Brooklyn-based musician, composer, andRedBaraatbandleader,SunnyJain, presents the title track and its accompanying video fromWild Wild East, his new album outFebruary 21st on Smithsonian Folkways. Following the lively lead single“Immigrant Warrior,”“Wild Wild East” “is about migration,” Jain says. “A story that everyone has in their family, whether it be 100 years old or in recent times. This song is about my lineage from Osian, Rajasthan to Sialkot, Punjab to the 1947 partition of India, and then the eventual move to America. The courageousness of all immigrants to leave their family and home in search of opportunity in a foreign land is a wild and bold move. One that truly embodies the romanticized ideas the cowboy has always professed to be.”
The accompanying video was directed byAdeelAhmedand was filmed throughout Manhattan, Queens, Hawaii, Los Angeles, New Delhi, Old Delhi, Agra, Rajasthan, and Madhya Pradesh.
Wild Wild Eastexplores the American myth of westward expansion, which has always been an irony-caked parable about what happens when you try to escape the known to pursue new beginnings, but also the traits that still ring true. The album first started to take shape following the 2016 election. “It felt like the Wild West,” Jain says of the times, though they played out in the theoretically civilized confines of Washington, D.C., and New York City — the East Coast. Around the same time, he found himself performing at the cultural festival park Global Village in Dubai, where countries from around the world are represented by architectural installations. “The only [place] there that was being represented by a human being was the Americas, and the Americas were represented by this cowboy — a white male cowboy with a hat, beard, gun in the holster.”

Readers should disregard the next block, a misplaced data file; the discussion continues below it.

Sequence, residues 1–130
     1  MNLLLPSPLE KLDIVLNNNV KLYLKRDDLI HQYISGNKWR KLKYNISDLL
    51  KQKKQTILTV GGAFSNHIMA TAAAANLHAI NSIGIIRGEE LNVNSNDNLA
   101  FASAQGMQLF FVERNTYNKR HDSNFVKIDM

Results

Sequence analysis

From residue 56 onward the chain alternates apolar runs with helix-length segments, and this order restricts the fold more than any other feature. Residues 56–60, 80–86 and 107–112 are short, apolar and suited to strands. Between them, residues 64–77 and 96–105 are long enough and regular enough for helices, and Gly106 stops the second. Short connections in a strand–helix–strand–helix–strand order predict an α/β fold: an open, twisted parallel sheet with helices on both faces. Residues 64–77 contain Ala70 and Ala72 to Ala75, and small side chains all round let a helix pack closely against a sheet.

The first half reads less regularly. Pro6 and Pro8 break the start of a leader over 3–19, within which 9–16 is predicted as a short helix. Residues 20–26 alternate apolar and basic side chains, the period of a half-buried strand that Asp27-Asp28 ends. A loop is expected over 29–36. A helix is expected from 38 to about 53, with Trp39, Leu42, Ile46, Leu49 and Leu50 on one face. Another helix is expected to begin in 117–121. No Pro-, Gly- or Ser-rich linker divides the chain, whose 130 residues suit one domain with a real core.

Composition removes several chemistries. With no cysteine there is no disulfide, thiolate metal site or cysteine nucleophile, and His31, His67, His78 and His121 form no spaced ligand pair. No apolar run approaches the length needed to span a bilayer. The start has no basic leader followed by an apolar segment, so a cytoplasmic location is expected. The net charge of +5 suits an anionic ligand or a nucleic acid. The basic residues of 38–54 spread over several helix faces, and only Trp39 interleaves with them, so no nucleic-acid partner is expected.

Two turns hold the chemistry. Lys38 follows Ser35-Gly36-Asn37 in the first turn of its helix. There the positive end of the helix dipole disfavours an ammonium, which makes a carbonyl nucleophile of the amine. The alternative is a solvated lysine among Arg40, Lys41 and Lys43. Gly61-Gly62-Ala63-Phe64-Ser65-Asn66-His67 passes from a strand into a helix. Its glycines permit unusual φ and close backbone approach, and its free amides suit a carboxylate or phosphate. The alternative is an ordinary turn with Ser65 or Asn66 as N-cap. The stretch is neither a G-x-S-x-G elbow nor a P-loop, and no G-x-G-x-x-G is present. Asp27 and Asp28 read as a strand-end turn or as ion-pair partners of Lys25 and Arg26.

Wild Wild Eastsources musical inspiration from an array of influences, from the scores of Bollywood classics to Spaghetti Westerns, Indian folk to jazz improvisation, and South Asian languages to English prose to express the immigrant experience as one navigates the terrain of what it means to be “American.” Jain, the son of immigrants from India, draws upon his family history of migration for vision, employing rhythmic shifts, dissolving soundscapes, and the interplay of structure and experimentation to represent the heartbreak and triumph within the South Asian diaspora.